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Seattle by David-Edward Hughes

The Cocktail Hour: Music of the Mad Men Era Goes Down Smooth at Seattle Symphony Pops

Also see David's reviews of Big River and Bloody Bloody Andrew Jackson

After the shattering loss of Marvin Hamlisch, Seattle Symphony's Pops conductor for the past several years, it is a pleasure to report that the jovial, effervescent spirit of the concerts during the Hamlisch era lives on in The Cocktail Hour: Music of the Mad Men Era, under the spirited baton Steven Reinecke, with scintillating star vocals by Broadway vet Hugh Panaro, on a brief hiatus from his run in the title role of The Phantom of the Opera on Broadway.

As a prologue, Reinecke and the Symphony perform a joyous medley of Hamlisch tunes from his Broadway masterwork A Chorus Line. Panaro is given a wide range of musical numbers to show off his impressive bari-tenor range, from "Besame Mucho" to "Old Devil Moon" to "Americano." He particularly dazzles on a medley of "I Get Along Without You Very Well/Don't Get Around Much Anymore," a passionate "I (Who Have Nothing)," "a Sinatra-style arrangement of "Luck Be a Lady," and a rousing finale of "Feeling Good." His tender "What'll I Do?" is another nod to Hamlisch, and a heartfelt one.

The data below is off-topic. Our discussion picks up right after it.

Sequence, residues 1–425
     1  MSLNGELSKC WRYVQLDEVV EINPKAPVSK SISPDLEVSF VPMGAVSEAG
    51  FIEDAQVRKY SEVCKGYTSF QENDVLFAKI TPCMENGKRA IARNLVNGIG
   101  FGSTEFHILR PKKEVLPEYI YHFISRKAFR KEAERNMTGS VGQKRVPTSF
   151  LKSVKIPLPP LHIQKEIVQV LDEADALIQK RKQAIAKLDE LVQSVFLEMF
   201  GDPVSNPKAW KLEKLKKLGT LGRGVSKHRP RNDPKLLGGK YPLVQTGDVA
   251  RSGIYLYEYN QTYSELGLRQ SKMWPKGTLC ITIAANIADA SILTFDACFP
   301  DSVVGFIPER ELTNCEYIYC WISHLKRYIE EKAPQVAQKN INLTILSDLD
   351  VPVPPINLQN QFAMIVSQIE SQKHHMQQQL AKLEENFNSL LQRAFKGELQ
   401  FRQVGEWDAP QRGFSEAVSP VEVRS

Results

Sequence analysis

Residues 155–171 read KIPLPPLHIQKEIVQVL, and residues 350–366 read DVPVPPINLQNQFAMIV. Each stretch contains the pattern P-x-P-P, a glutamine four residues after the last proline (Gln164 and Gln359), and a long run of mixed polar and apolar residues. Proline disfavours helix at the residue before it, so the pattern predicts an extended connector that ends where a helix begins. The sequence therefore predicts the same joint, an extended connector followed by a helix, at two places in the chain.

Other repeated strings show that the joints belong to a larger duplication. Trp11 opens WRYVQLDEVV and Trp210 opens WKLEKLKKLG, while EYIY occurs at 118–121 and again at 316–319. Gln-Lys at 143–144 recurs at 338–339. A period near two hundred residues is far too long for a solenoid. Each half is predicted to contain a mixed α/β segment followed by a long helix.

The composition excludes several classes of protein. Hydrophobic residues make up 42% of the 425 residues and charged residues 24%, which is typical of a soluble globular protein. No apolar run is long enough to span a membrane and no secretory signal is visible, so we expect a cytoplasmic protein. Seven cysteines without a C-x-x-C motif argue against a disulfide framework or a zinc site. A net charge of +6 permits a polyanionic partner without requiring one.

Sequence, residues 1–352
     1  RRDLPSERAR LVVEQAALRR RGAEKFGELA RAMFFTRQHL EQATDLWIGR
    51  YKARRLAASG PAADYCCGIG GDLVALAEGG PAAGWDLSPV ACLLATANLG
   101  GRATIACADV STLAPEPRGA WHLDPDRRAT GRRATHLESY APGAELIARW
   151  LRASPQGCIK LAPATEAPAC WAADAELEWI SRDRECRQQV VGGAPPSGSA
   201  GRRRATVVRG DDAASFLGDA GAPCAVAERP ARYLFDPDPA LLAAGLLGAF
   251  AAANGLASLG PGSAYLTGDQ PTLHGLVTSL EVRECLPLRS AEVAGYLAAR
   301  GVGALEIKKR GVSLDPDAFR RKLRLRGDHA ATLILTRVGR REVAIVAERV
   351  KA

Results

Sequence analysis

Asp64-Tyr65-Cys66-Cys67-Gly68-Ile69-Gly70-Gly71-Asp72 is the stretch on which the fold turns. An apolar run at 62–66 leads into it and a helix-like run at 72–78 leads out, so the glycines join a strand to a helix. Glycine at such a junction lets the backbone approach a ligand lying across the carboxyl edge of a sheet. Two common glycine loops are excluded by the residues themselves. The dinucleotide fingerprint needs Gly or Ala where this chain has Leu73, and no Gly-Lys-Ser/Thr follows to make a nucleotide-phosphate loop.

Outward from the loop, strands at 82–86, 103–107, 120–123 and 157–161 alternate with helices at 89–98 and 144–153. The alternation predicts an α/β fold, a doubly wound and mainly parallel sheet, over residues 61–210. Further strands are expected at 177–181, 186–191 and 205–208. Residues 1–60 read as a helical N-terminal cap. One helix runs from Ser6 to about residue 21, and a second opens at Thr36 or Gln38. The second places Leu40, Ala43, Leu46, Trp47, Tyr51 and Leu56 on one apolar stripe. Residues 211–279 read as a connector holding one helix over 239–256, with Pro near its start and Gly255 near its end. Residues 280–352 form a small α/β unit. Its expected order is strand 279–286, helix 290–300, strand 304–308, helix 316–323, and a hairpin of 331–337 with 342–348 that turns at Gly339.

Golden-voiced Seattle songstress Katherine Strohmaier partners Panaro on the Frank and Nancy Sinatra kitsch classic "Something Stupid" and scintillates on her solo of the tricky Cy Coleman/ Carolyn Leigh classic "The Best is Yet to Come." And an amazingly gifted teen quartet Vocalpoint show skill and effortlessly blend their voices on "Angel Eyes" and "Walking My Baby Back Home." The Pops take instrumental honors with a specially arranged suite of themes from the "Mad Men" TV series, as well as a brassy Bacharach salute, and a touch of Mancini from the movie Charade.

If Maestro Reineke's efforts here are an indication, the Pops would be wise to snatch him up as a permanent heir to Hamlisch, as they are obviously cut from the same talented cloth.

The Cocktail Hour: Music of the Mad Men Era plays at Benaroya Hall, in downtown Seattle, and runs through September 30, 2012. For tickets go to www.seattlesymphony.org.



- David Edward Hughes



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